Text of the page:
She pointed out that focusing on the wrong metrics and creating content without considering the end user’s intent or relevance to the business can lead to a mismatch between what the audience is searching for and what the company is offering. Jess drove this point even further by sharing an example of an event management company that targeted keywords related to attending events instead of building events, resulting in a disconnect between the content and the audience’s needs.

This kind of disconnect can lead to a situation where revenue teams are waiting for leads that never materialize because the content does not align with what the target audience is looking for. Jess’ insights highlighted the importance of understanding the intent behind search queries and aligning content strategies accordingly to drive meaningful engagement and, ultimately, revenue.

Speaking of intent, an interesting topic that SEOs can’t get enough of is zero search volume keywords. While these keywords apparently don’t have any volume on keyword research tools, the intent behind them is often similar to other keywords that have already been searched for. 

But what do they mean for SEO? And how do you even build a strategy around them?

The case for zero search volume keywords

Humans today rely on the internet for everything from doctor’s appointments to choosing furniture for their new home. Naturally, the way people search on the internet will vary based on a variety of factors—from the region in which they are based to the experiences they have had and even their level of proficiency in the language they are using to search for information. As a result, several variations of the same search query exist to the point where approximately 15% of queries each year have never been searched before. 

The concept of zero search volume keywords has always intrigued SEO experts. Jess shared her thoughts on this topic, noting that zero search keywords essentially highlight the ever-evolving nature of both human behavior and the web.

To strategize around zero search volume keywords, Jess spends significant time in Google Trends and other platforms like Exploding Topics to align trends with keyword data. She emphasized the importance of topicality in SEO, using the example of how a blog post about the Oscars would differ before and after the event.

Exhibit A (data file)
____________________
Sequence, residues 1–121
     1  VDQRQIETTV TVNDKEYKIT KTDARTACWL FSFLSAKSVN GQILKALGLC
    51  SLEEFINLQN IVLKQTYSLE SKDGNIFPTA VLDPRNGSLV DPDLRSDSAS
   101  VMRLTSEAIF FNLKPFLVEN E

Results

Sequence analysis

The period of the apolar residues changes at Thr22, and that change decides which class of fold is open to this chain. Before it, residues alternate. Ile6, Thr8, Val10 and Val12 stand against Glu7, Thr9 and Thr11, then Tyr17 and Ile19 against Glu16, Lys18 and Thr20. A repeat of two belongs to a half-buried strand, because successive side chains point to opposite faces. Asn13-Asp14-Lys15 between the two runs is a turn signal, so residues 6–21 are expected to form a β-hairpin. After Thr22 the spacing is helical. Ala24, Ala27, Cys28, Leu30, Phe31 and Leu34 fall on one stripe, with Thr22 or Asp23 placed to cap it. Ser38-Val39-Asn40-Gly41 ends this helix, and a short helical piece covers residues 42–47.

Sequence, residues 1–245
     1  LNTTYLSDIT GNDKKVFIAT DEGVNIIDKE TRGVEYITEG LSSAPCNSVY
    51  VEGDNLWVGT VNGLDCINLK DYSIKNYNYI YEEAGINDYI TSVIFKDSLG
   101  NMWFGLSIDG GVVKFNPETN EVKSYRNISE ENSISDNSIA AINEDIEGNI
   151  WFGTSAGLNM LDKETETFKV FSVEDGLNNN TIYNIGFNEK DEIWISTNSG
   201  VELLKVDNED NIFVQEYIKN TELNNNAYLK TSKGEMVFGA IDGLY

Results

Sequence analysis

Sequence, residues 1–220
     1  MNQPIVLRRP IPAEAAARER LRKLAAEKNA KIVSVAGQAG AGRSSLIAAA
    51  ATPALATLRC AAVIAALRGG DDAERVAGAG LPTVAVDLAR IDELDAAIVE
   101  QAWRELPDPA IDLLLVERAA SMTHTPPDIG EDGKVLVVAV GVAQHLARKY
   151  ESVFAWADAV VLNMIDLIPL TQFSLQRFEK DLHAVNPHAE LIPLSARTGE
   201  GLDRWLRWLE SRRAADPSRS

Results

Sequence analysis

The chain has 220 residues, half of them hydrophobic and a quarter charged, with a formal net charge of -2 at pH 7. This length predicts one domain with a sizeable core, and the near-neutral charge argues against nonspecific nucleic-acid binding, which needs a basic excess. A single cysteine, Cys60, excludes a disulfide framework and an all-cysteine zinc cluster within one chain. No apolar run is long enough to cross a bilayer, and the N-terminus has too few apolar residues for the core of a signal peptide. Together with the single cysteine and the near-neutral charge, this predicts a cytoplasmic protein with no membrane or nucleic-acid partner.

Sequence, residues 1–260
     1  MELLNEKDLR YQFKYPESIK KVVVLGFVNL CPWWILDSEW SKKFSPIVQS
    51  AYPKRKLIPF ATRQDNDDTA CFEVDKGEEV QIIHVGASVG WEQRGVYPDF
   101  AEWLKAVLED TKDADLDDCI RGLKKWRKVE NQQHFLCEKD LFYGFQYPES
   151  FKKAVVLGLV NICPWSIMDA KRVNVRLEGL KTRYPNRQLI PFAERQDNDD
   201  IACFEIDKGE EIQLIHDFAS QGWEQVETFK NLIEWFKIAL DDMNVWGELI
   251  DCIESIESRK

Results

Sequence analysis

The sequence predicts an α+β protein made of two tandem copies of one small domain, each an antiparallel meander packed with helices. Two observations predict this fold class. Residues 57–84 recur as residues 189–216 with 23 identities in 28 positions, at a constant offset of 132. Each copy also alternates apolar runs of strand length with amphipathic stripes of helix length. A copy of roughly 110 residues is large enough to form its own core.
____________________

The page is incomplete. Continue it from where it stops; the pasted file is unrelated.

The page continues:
P.S.: Remember the slap? No one saw that coming, right? Let’s analyze what that meant for SERPs.  

Even if you look at the search trend on Ahrefs, you’ll notice how vastly the search volume for the keyword “Will Smith slap” increased just after the Oscars. 

But that’s not all. Related keywords show that people were using different keywords to search for more details about the incident. While some of the following keywords might give you similar results because the search intent is the same, almost every keyword is unique in how it’s structured.

This shows that staying on top of trends is arguably even more important than chasing high-volume keywords. What’s more, most keyword research tools don’t register keywords until a few weeks or even months after they get popular, so relying solely on these tools comes with the risk of being too late to the SEO party.  

The only other group that’s late to the party? AI deniers. 

AI, content freshness, and E-E-A-T 

When asked about her thoughts on using AI in content production, Jess acknowledged its growing significance. “I honestly think that nobody can get away from it,” she said.

What you shouldn’t do with AI, though, is try to tick off an arbitrarily decided number of blogs published per month. We’ve all seen too much spammy content for one lifetime. Instead of adding yet another one of those articles to the void, use AI to automate tasks that make up the content creation process, like extracting key points from interviews, making sense of and extrapolating findings from custom research, and even producing base drafts for your content that can be enhanced with expert insights.

“Writer’s block is a real thing,” Jess said. “As humans, we can only go so far in our thinking processes, and we max out at a certain amount per day.” Using a blend of AI and human insight guarantees that each piece is original and fits into a larger content strategy. 

Keeping human experts in the mix also prevents content decay. This is a major problem with larger companies that post dozens or even hundreds of new blogs every month. When you have someone review each piece that goes out and perform regular audits, you ensure that none of the content has outdated or inaccurate information. 

Quoting Marie Kondo, Jess suggests you get rid of any content that doesn’t spark joy. As Google and other search engines crack down on spam, content freshness and accuracy will become even more important. Again, with internal or external subject matter experts on board, you can keep your content aligned with E-E-A-T guidelines and increase the chances of quick indexing and ranking.